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[MAY 6TH, 1831.]

LORD VISCOUNT MORPETH, having been proposed by SIR

EDWARD VAVASOUR, Bart., and seconded by J. MARSHALL, Jun., Esq., said :


If there could be any one circumstance which could occasion me not to regret the failure of the Reform Bill, in support and furtherance of which we are now assembled-if there could be any circumstance to console me for the delay which has adjourned its progress towards the triumphant issue to which it is now hastening, it would be the being allowed to look once more upon the beautiful spectacle now before me of the freeholders of the yet undivided county of York gathered together in this ancient and noble precinct to select their representatives in the Commons House of Parliament. It necessarily presses upon our attention at once the sameness of the scene which upon the same spot was exhibited to us in the summer of last year, and the difference of circumstances under which it now recurs. Then we hailed with anxious expectation the accession to the throne of a Monarch who, we fondly hoped, would repay the confidence of his loyal subjects. Now we find our expectations more than realized, and mingle with our constitutional allegiance to the King our yet more warm attachment to the friend of his people. Then we were rather laying, as it were, the first stone of Parliamentary Reform; now we are putting the finishing and crowning work to the all but completed edifice. Then, although one of your candidates was the wondrously gifted man whom the Sovereign, taking the hint from Yorkshire, has preferred to the highest civil station in his realms, yet it was the object of your exertions to return two Reforming Members. Now you are invited to present your county with four. I feel that at any other time it might not appear entirely modest in any party to put forward so engrossing a pretension; but in a conjuncture like the present, a duty, nay, a necessity, devolved

upon us to task our energies to the utmost. The principle of Reform is fairly pitted against the authority of ancient abuses. If our cause has the vigour of youth, it has to contend against the bulk of ages, and we cannot spare one stone from our sling to slay the giant. Of my late colleagues in the high trust of your representation, whether in their presence or absence, I can never wish to speak but in one manner. It would

not be merely a want of courtesy, but it would be a denial of justice to withhold from them the praise of strict honour, of assiduous industry, of conscientious conduct. But it is a matter of no doubt with respect to the one, and it is a matter of no doubt with respect to the other, whether they were prepared to wage the whole of our battle. The one upon this occasion refused altogether to pronounce-the other did not pronounce with a sufficiently determined accent the necessary password for admission into our camp. Gentlemen, I feel that it would be superfluous to press upon your notice the circumstances that attend and distinguish the present general elections. The Bill—the Reform Bill--is the prominent feature and pervading motive. That Bill united, upon more friendly terms than have perhaps ever yet subsisted between them, King, Government, and people. For the virtual rejection of the Bill, the late Parliament was dissolved-for a fair and impartial verdict upon that Bill, the people of England are now convened in all their towns, cities, and counties. The reasons why I think a favourable verdict shall be returned by the people of England, and consequently by the people of Yorkshire for the county of York is a splendid epitome of the wealth, industry, fertility, enterprise, and intelligence of England-- I will endeavour to comprise in a few brief sentences. Since the first framework of our Parliamentary representation was cast, and after much alteration and variety finally fixed as at present, new populations, new wealth, new wants, new intelligence, have everywhere arisen. These assuredly require, not any dislocation or subversion of the existing system, but such an accommodation and adaptation of it as the several circumstances indicate. Such an object the present Bill appears to me admirably calculated to accomplish, by transferring the right of voting from places made either infamous by their corruption, despicable by their servility, or ridiculous by the fewness of their elective bodies, to great and opulent towns, and large agricultural districts. The qualifications which the Bill introduces for the right of voting I likewise think entitled to much approbation, because it provides that right which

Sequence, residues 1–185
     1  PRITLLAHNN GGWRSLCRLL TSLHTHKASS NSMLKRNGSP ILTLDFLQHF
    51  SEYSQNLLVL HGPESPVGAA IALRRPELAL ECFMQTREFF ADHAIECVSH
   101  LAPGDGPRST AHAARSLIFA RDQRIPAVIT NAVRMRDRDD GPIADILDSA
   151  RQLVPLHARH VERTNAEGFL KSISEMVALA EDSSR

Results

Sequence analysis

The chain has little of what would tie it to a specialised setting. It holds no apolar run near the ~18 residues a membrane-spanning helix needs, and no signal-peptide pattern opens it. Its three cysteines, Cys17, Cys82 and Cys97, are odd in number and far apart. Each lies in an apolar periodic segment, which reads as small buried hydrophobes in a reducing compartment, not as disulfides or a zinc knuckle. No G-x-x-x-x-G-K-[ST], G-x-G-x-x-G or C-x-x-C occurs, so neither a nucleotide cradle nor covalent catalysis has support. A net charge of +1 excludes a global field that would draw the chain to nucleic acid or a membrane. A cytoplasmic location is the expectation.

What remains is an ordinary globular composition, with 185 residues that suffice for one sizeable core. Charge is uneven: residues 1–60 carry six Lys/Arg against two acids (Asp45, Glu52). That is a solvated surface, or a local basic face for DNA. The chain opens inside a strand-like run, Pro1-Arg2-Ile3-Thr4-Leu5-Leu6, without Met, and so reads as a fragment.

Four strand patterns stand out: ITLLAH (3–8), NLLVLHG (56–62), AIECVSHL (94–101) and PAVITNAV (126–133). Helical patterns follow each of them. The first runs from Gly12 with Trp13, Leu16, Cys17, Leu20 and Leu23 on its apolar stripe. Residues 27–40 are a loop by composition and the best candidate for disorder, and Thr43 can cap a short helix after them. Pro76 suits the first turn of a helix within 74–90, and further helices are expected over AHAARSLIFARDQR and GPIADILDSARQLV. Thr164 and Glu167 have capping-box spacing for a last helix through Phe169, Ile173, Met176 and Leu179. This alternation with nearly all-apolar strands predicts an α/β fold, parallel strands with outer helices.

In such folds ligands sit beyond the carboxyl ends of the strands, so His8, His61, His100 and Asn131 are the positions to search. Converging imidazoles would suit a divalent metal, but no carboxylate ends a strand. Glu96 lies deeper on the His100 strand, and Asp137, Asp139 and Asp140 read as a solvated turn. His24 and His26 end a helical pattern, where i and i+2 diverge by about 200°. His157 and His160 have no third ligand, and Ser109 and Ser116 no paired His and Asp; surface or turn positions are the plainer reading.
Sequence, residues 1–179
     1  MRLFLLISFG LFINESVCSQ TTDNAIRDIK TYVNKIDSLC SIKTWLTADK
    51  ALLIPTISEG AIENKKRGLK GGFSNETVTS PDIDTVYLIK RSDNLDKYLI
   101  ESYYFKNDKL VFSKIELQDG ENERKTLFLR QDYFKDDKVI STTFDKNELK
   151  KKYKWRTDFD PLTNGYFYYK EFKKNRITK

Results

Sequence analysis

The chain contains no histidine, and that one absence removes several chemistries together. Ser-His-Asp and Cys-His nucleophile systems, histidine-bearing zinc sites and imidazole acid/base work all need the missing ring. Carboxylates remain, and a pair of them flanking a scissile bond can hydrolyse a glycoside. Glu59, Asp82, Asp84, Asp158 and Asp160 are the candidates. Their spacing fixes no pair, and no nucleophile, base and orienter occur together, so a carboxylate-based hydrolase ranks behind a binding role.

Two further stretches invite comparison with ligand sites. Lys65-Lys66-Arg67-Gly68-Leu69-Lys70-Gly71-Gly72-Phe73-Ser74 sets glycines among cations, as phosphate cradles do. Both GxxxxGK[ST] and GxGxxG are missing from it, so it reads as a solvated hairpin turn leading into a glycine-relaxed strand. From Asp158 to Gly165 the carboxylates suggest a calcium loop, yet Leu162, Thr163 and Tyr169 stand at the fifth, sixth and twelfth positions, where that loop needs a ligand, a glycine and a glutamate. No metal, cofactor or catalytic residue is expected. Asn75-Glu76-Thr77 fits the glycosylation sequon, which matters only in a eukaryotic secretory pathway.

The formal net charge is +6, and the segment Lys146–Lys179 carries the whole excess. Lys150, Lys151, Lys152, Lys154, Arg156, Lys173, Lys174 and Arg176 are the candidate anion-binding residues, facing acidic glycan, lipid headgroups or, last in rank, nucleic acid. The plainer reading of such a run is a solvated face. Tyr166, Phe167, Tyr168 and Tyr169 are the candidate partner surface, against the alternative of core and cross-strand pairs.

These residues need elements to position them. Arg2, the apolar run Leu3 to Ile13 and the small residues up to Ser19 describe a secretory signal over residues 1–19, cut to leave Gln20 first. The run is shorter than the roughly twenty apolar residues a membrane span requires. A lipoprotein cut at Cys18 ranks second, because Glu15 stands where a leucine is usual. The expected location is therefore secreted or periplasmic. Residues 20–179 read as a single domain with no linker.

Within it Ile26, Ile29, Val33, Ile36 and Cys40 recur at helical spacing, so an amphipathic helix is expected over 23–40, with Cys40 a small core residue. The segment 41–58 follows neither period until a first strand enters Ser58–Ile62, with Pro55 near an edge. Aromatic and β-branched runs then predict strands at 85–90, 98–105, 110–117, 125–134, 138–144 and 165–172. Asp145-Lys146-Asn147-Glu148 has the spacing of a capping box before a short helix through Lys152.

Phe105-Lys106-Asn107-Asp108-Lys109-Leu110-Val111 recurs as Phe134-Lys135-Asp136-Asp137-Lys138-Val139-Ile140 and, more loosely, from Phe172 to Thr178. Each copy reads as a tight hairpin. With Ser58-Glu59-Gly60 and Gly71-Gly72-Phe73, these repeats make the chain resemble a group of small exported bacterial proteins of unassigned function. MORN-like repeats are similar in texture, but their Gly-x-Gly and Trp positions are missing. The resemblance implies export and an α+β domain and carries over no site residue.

a free and intelligent people will always esteem as a high privilege upon a reasonable basis of property, high enough to inspire a due regard to the inestimable blessing of public order, but not too high to put it out of the reach of the efforts of honest industry, to which it will act at once as a stimulus and a reward. Be this, then, the general title of the measure to your acceptance, Gentlemen, that it will rest upon the property, that it will comprise the intelligence, and that it will encourage the industry of the country. It has many other less comprehensive, but hardly less important claims to favour, such as the disfranchisement of non-residents, the curtailment of time of elections, the limitation of the distance for taking the poll, and other matters of economical arrangement; so that I hope the Bill, in the due progress of its operation, will not only give the right of election to Leeds and Sheffield, but freedom of election to Newark and Knaresborough, and purity of election to Beverley and Pontefract. The advantage, however, which I would most fondly anticipate from the adoption of such a measure of reform is an increase of good understanding, and a return of confidence between the different classes and the various interests mixed up in our body politic, including high and low, rich and poor, agriculture, trade, and commerce, since it is upon the wholesome state and just coincidence of the whole that the vigour, the happiness, and the virtue of a nation must mainly depend. Allow me also to hope, without deviating upon this occasion into the other topics which severally engage public attention the most, and upon which I have already had the opportunity which your kindness gave me of explaining myself from this place, that many other objects which I know you have most at heart will be essentially assisted and advanced by the adoption of a safe and substantial measure of Parliamentary Reform. There is reason to hope that a House of Commons representing more directly the sentiments and opinions of their countrymen will, in these comparatively more enlightened times, avoid any recurrence to useless expenditure and unnecessary wars-that they will promote in all possible degrees the comfort of the labouring classes-that they will no longer be parties to such legislative barbarism as that which excludes the produce of British industry and skill from countless tribes and boundless regions--that, together with the measures of a wise economy, they will not neglect those of a just humanity that they may have the glory of relaxing the severity of our penal code, and of giving liberty and light to the unhappy Negro